Diversification rates and species richness across the Tree of Life

Joshua P. Scholl, John J Wiens

Research output: Contribution to journalArticle

34 Citations (Scopus)

Abstract

Species richness varies dramatically among clades across the Tree of Life, by over a million-fold in some cases (e.g. placozoans versus arthropods). Two major explanations for differences in richness among clades are the cladeage hypothesis (i.e. species-rich clades are older) and the diversification-rate hypothesis (i.e. species-rich clades diversify more rapidly, where diversification rate is the net balance of speciation and extinction over time). Here, we examine patterns of variation in diversification rates across the Tree of Life. We address how rates vary across higher taxa, whether rates within higher taxa are related to the subclades within them, and how diversification rates of clades are related to their species richness. We find substantial variation in diversification rates, with rates in plants nearly twice as high as in animals, and rates in some eukaryotes approximately 10-fold faster than prokaryotes. Rates for each kingdom-level clade are then significantly related to the subclades within them. Although caution is needed when interpreting relationships between diversification rates and richness, a positive relationship between the two is not inevitable. We find that variation in diversification rates seems to explain most variation in richness among clades across the Tree of Life, in contrast to the conclusions of previous studies.

Original languageEnglish (US)
JournalProceedings of the Royal Society B: Biological Sciences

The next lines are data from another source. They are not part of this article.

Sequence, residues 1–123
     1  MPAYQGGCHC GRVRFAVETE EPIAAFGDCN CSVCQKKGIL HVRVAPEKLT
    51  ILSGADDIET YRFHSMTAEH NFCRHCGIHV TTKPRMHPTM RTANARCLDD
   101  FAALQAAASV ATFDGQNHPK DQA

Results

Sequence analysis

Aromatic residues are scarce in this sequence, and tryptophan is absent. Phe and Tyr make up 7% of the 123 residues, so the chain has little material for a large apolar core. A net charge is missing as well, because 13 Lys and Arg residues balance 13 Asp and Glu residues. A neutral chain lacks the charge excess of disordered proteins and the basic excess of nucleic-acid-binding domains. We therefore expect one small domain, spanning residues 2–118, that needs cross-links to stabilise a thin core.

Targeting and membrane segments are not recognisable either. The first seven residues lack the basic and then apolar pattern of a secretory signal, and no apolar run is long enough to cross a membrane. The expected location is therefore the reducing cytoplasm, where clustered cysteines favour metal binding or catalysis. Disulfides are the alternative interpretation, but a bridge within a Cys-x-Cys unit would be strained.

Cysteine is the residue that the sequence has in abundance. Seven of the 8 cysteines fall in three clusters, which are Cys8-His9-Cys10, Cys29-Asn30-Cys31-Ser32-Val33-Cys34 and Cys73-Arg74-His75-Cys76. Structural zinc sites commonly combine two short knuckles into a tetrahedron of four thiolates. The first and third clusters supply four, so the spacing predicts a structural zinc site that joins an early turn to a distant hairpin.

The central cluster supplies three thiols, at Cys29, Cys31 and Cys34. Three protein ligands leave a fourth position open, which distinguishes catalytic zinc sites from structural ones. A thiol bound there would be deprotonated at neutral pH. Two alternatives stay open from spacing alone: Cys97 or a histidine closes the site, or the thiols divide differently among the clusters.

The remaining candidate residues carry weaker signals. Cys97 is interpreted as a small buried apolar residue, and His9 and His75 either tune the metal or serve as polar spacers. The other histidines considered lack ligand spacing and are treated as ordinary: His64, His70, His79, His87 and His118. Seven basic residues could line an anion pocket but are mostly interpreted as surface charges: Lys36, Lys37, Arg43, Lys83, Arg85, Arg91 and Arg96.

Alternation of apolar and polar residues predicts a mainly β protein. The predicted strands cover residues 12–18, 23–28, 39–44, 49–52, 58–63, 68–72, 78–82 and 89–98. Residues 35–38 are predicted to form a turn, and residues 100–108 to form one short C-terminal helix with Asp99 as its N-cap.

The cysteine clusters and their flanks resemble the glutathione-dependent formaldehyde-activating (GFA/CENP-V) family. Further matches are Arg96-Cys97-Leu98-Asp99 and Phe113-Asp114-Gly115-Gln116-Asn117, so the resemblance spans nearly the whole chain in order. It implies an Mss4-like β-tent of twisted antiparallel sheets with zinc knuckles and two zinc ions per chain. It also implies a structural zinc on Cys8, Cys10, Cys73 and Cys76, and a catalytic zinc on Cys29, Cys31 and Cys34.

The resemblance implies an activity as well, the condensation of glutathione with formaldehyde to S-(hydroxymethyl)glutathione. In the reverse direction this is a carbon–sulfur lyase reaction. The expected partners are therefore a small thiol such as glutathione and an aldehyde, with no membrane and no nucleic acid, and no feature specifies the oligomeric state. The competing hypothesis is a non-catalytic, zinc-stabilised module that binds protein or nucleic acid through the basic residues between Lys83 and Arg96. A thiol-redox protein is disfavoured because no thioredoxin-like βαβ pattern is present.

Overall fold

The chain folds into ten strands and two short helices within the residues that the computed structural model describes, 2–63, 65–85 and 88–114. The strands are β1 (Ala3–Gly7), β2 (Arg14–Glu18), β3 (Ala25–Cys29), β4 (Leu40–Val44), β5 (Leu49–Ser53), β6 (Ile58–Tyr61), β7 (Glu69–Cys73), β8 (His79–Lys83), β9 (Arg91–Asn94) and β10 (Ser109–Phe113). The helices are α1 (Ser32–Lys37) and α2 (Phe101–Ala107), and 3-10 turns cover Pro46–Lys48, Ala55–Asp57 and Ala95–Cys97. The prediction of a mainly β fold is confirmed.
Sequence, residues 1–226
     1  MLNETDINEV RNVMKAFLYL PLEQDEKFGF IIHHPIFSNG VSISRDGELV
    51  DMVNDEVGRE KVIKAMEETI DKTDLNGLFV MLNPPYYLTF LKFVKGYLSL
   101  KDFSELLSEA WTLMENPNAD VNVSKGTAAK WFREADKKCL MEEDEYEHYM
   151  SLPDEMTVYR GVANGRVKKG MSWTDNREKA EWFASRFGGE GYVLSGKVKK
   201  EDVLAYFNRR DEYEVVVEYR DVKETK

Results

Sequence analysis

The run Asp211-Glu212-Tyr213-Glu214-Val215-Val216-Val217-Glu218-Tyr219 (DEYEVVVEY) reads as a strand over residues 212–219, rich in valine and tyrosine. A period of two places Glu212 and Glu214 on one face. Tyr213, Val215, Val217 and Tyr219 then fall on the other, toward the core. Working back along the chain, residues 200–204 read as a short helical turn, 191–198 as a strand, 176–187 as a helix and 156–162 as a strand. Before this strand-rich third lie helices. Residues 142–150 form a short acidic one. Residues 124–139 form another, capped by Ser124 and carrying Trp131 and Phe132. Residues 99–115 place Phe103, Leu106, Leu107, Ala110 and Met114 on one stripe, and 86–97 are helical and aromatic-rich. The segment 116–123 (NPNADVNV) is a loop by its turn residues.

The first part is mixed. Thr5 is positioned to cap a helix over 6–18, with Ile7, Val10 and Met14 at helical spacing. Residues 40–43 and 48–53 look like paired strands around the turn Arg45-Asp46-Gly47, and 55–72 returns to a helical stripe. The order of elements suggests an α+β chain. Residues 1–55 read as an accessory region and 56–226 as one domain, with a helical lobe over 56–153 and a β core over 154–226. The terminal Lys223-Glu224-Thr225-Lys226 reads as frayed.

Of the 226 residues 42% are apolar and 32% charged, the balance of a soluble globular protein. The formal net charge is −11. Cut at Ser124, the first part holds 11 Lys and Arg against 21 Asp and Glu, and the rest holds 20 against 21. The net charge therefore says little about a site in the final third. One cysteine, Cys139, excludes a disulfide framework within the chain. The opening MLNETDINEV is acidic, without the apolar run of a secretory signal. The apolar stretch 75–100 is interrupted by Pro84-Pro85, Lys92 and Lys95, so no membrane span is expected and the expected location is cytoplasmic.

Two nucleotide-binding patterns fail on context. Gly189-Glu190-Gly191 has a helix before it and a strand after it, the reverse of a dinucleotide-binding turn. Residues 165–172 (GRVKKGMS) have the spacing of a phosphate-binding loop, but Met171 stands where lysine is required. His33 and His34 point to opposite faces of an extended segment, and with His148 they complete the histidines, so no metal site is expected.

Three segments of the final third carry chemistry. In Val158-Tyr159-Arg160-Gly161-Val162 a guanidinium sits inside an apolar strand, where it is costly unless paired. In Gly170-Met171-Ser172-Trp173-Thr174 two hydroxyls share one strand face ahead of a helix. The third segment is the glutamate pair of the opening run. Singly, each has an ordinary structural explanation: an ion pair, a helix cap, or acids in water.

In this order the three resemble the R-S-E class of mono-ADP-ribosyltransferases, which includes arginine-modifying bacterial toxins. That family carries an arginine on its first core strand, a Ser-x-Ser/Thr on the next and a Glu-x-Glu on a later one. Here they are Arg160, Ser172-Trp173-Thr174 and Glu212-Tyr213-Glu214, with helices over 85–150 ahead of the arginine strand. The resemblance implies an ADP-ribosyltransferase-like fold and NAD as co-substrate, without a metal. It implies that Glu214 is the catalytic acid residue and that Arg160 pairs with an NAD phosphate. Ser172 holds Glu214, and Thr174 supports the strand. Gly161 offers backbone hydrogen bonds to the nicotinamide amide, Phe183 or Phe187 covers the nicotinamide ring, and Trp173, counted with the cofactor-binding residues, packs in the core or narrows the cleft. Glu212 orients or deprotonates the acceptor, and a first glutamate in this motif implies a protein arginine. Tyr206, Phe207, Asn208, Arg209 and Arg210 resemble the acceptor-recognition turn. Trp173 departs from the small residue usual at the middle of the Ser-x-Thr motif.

Volume283
Issue number1838
DOIs
StatePublished - Sep 14 2016

Fingerprint

Animals
species richness
species diversity
Arthropods
prokaryotic cells
Eukaryota
eukaryotic cells
arthropods
extinction
rate
animals
fold
prokaryote
eukaryote
arthropod
animal

Keywords

  • Animals
  • Diversification rates
  • Eukaryotes
  • Phylogeny
  • Prokaryotes
  • Species richness

ASJC Scopus subject areas

  • Medicine(all)
  • Immunology and Microbiology(all)
  • Biochemistry, Genetics and Molecular Biology(all)
  • Environmental Science(all)
  • Agricultural and Biological Sciences(all)

Cite this

Diversification rates and species richness across the Tree of Life. / Scholl, Joshua P.; Wiens, John J.

In: Proceedings of the Royal Society B: Biological Sciences, Vol. 283, No. 1838, 14.09.2016.

Research output: Contribution to journalArticle

@article{2ae4c91908c741d19d77584d6fb3d9a8,
title = "Diversification rates and species richness across the Tree of Life",
abstract = "Species richness varies dramatically among clades across the Tree of Life, by over a million-fold in some cases (e.g. placozoans versus arthropods). Two major explanations for differences in richness among clades are the cladeage hypothesis (i.e. species-rich clades are older) and the diversification-rate hypothesis (i.e. species-rich clades diversify more rapidly, where diversification rate is the net balance of speciation and extinction over time). Here, we examine patterns of variation in diversification rates across the Tree of Life. We address how rates vary across higher taxa, whether rates within higher taxa are related to the subclades within them, and how diversification rates of clades are related to their species richness. We find substantial variation in diversification rates, with rates in plants nearly twice as high as in animals, and rates in some eukaryotes approximately 10-fold faster than prokaryotes. Rates for each kingdom-level clade are then significantly related to the subclades within them. Although caution is needed when interpreting relationships between diversification rates and richness, a positive relationship between the two is not inevitable. We find that variation in diversification rates seems to explain most variation in richness among clades across the Tree of Life, in contrast to the conclusions of previous studies.",